“I knew that with a mouth like mine, I just hadda be a star or something.” –Barbra Streisand (Photo by: Allan Warren)

"I ate a bug once.  It was flying around me. I was trying to get it away. It went right in my mouth." -- Hilary Duff (Photo by: David Shankbone)

“I ate a bug once. It was flying around me. I was trying to get it away. It went right in my mouth.” — Hilary Duff (Photo by: David Shankbone)

"I have a mouth, and I'm not afraid to use it." --Megan Fox (Photo by: Nicoles Genim)

“I have a mouth, and I’m not afraid to use it.” –Megan Fox (Photo by: Nicoles Genim)

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Na-Nu Na-Nu, Robin Williams

I just stumbled upon, literally, a two-month old story concerning Robin Williams possibly returning to television after thirty years in a David Kelley sitcom.  Williams is to portray an advertising executive working alongside his daughter.

I guess I’m not as up on things, as I think I am.

Oh, Hollywood. Photo by: Susan Marg

I think it’s a great idea.  I grew up on sitcoms, and I adore Robin Williams. I must confess, however, that I was not a Mork and Mindy fan.  I had other things going on when the program launched in 1978, but I was certainly aware of the zany, improvisational comedian who came out of nowhere to take his show to number three in the ratings.

The series was a spin-off from Happy Days, although the original program took place in the fifties and the later in the seventies.  (Go figure.) Williams got the role as a man on a mission from Ork when he sat on his head after producer Garry Marshall asked him to take a seat.  Marshall later commented that he was the only alien to audition for the role.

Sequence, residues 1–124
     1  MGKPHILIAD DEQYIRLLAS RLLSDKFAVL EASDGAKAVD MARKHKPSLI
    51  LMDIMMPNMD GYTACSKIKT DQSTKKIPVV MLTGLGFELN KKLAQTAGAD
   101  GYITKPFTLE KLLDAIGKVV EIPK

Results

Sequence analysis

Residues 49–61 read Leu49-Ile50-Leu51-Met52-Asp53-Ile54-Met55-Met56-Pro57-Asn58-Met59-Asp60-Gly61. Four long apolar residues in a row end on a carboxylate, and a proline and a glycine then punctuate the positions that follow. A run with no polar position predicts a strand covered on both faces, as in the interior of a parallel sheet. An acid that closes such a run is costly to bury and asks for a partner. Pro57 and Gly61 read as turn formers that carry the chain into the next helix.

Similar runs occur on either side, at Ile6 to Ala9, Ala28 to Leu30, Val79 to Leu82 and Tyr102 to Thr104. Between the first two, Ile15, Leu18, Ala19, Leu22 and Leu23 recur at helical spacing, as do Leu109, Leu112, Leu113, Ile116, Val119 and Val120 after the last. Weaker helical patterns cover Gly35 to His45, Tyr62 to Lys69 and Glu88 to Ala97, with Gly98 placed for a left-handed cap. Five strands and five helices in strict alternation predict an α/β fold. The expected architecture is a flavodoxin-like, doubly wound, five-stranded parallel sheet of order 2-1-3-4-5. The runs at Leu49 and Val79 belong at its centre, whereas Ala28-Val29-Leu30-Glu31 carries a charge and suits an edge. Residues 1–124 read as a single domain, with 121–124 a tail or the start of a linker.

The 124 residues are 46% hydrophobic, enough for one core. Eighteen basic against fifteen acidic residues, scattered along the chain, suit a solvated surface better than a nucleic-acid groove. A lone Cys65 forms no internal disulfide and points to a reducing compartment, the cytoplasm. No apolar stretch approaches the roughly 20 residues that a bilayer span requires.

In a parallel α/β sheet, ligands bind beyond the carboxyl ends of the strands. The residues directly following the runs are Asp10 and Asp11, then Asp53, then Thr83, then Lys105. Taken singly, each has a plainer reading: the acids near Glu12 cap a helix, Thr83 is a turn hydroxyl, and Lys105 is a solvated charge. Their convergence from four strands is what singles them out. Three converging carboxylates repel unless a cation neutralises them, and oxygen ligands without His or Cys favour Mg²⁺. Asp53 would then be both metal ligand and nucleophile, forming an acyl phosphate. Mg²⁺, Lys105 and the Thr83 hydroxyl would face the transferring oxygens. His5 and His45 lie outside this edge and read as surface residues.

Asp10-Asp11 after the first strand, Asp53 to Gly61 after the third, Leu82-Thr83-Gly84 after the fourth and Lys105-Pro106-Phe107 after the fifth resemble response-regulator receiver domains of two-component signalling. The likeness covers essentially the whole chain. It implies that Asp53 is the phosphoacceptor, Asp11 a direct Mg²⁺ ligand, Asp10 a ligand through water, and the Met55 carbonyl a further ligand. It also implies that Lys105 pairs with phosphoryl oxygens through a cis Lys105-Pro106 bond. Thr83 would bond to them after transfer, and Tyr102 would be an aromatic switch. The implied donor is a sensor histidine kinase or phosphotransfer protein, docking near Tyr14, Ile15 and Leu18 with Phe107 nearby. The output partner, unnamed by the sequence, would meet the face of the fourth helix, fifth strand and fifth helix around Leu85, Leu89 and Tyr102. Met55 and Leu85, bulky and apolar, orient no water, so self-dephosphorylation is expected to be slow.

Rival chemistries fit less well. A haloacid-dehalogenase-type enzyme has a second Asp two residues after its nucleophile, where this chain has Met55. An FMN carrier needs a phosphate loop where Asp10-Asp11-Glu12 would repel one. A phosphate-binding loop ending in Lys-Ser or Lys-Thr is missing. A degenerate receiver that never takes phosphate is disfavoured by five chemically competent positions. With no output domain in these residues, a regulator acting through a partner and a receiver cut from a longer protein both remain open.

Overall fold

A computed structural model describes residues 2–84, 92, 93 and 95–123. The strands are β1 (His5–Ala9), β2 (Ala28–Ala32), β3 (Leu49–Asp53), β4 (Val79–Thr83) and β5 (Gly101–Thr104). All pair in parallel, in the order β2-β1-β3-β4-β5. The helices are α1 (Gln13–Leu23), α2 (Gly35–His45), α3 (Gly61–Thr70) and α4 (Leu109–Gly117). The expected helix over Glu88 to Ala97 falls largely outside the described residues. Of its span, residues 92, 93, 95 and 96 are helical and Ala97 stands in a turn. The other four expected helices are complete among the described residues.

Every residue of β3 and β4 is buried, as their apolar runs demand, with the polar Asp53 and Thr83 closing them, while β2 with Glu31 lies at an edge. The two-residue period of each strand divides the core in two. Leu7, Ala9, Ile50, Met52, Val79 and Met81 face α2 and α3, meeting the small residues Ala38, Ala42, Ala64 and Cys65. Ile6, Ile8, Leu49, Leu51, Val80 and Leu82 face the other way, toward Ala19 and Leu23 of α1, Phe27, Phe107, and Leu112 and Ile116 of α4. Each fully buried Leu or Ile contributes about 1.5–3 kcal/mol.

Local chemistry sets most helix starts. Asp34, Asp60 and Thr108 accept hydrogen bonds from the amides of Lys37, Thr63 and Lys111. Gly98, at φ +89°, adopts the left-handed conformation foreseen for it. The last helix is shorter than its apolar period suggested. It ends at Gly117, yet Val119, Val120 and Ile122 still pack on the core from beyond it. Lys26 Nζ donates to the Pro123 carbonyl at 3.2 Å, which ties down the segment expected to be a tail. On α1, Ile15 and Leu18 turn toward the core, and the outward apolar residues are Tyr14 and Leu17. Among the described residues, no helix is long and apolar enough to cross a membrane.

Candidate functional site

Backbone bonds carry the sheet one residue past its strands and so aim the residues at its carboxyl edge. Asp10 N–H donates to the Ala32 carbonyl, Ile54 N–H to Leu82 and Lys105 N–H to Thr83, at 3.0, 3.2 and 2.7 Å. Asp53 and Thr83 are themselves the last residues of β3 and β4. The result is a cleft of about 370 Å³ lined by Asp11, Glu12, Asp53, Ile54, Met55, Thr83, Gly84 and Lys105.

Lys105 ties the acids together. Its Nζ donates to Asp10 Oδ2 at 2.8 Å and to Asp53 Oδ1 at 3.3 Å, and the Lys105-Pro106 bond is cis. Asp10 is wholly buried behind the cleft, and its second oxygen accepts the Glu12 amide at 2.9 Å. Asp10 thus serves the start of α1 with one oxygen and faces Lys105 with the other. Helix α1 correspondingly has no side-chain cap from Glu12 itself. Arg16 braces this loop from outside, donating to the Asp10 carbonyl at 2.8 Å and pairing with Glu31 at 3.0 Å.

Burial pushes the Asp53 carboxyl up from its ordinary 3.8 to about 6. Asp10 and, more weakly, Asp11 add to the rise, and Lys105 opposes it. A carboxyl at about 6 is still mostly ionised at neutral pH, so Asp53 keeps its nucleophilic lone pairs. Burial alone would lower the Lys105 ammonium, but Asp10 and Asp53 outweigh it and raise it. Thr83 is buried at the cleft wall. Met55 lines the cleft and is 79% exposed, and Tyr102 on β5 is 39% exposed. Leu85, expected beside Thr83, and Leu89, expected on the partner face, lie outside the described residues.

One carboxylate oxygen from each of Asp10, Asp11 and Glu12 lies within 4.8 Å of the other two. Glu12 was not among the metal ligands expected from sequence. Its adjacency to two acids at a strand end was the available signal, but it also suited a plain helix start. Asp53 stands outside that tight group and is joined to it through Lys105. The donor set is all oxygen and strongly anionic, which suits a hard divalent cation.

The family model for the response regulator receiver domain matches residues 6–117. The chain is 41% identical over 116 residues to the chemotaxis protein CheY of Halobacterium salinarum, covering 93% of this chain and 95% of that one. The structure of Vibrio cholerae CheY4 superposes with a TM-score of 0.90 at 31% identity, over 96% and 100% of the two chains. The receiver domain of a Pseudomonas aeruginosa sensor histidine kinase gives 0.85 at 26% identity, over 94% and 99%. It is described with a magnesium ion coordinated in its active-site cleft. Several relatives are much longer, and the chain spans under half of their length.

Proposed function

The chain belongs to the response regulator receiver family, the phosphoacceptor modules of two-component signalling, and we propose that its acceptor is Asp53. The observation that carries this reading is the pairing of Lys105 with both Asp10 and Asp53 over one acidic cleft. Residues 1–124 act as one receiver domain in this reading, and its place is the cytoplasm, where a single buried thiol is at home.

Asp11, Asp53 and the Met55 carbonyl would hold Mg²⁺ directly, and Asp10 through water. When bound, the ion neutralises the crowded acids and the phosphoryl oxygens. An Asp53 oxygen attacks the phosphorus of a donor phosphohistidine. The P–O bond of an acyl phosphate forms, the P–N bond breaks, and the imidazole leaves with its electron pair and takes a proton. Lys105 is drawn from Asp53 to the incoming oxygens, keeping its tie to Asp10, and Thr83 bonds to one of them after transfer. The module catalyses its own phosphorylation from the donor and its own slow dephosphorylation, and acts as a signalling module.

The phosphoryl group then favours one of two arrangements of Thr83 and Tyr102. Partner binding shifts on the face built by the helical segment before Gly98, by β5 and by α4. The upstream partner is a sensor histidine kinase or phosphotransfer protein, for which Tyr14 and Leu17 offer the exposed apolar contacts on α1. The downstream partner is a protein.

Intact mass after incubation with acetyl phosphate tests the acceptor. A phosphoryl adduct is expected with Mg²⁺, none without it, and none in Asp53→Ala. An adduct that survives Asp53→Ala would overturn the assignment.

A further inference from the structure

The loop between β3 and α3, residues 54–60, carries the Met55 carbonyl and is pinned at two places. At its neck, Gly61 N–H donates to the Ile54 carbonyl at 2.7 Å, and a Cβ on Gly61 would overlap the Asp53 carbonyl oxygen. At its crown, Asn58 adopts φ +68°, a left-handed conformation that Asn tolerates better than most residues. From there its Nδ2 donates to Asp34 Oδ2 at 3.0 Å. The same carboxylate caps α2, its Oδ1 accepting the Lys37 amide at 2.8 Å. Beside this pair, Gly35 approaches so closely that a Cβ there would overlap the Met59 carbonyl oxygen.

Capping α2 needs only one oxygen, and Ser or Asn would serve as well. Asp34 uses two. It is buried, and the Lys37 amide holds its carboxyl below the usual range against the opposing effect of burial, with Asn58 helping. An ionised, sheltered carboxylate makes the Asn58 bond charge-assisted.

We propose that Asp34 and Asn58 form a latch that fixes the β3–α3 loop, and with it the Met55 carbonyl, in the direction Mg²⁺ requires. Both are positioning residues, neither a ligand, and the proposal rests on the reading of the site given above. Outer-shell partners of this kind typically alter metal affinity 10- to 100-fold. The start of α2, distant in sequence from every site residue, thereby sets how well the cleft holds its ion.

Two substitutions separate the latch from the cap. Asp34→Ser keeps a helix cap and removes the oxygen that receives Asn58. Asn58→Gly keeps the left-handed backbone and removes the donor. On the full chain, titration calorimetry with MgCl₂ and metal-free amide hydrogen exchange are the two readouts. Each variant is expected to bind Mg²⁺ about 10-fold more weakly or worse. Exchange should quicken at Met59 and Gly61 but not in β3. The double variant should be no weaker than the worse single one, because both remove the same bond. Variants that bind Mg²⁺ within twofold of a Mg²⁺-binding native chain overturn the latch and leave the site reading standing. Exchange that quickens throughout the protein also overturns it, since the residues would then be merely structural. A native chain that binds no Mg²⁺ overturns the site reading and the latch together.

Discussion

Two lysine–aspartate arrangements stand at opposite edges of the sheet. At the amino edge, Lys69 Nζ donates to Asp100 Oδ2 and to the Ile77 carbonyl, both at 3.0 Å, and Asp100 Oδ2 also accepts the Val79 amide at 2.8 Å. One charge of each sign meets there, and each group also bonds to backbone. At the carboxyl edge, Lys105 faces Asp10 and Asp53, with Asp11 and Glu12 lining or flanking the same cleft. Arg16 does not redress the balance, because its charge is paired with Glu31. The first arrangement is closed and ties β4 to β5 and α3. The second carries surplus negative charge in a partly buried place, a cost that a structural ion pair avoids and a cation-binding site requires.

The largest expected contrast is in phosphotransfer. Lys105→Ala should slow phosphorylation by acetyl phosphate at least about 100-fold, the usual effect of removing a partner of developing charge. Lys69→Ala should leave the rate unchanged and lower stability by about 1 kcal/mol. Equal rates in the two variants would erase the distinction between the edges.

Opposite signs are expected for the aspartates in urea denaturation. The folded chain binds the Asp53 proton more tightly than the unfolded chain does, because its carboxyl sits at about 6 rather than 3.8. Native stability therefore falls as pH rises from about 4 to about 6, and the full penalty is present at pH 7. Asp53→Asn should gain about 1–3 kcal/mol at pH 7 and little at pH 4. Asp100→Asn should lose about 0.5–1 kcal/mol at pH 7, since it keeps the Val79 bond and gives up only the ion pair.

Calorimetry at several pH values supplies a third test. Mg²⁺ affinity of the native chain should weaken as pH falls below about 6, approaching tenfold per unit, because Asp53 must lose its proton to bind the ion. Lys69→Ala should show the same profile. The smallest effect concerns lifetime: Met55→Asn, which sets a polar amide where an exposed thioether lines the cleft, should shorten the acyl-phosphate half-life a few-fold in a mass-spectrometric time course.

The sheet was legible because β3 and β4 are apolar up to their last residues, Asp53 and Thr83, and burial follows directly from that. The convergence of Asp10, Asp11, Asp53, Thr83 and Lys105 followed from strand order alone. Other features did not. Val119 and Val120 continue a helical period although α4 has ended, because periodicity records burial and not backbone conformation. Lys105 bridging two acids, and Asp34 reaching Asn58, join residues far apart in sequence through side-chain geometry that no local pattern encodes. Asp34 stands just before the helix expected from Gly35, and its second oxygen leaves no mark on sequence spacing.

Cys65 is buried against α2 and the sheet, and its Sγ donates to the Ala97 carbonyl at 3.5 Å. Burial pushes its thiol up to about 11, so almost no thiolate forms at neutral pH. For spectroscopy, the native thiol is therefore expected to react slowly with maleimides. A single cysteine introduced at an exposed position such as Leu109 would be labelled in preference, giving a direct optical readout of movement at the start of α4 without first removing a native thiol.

During filming, Robin was always “on,” so the writers created gaps in the script where he could do his thing.  Is this what David Kelley had in mind when he began working with Williams?

Kelley was a writer and editor and eventually the executive producer on L.A. Law, one of the best, in my humble opinion, legal dramas of all time. His career has included the hits Picket Fences, Chicago Hope, The Practice, Ally McBeal, Boston Public, and Boston Legal.

There’s no doubt Kelly has a way with words and a quirky point of view.  He writes and creates as quickly as Williams jokes and clowns.  It could be interesting.

It’s said that what goes around comes around. Or the more things change… I might even start watching sitcoms again.  But don’t think I’m going to put shoulder pads in my shirts.

© 2012 Susan Marg – All Rights Reserved

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True Romance

The newlyweds (my parents) married at home in 1947. Aren’t they a good-looking couple?

Everyone loves a wedding.  Why else crash? They’re so much more fun than a parade or a circus, although sometimes they are a circus.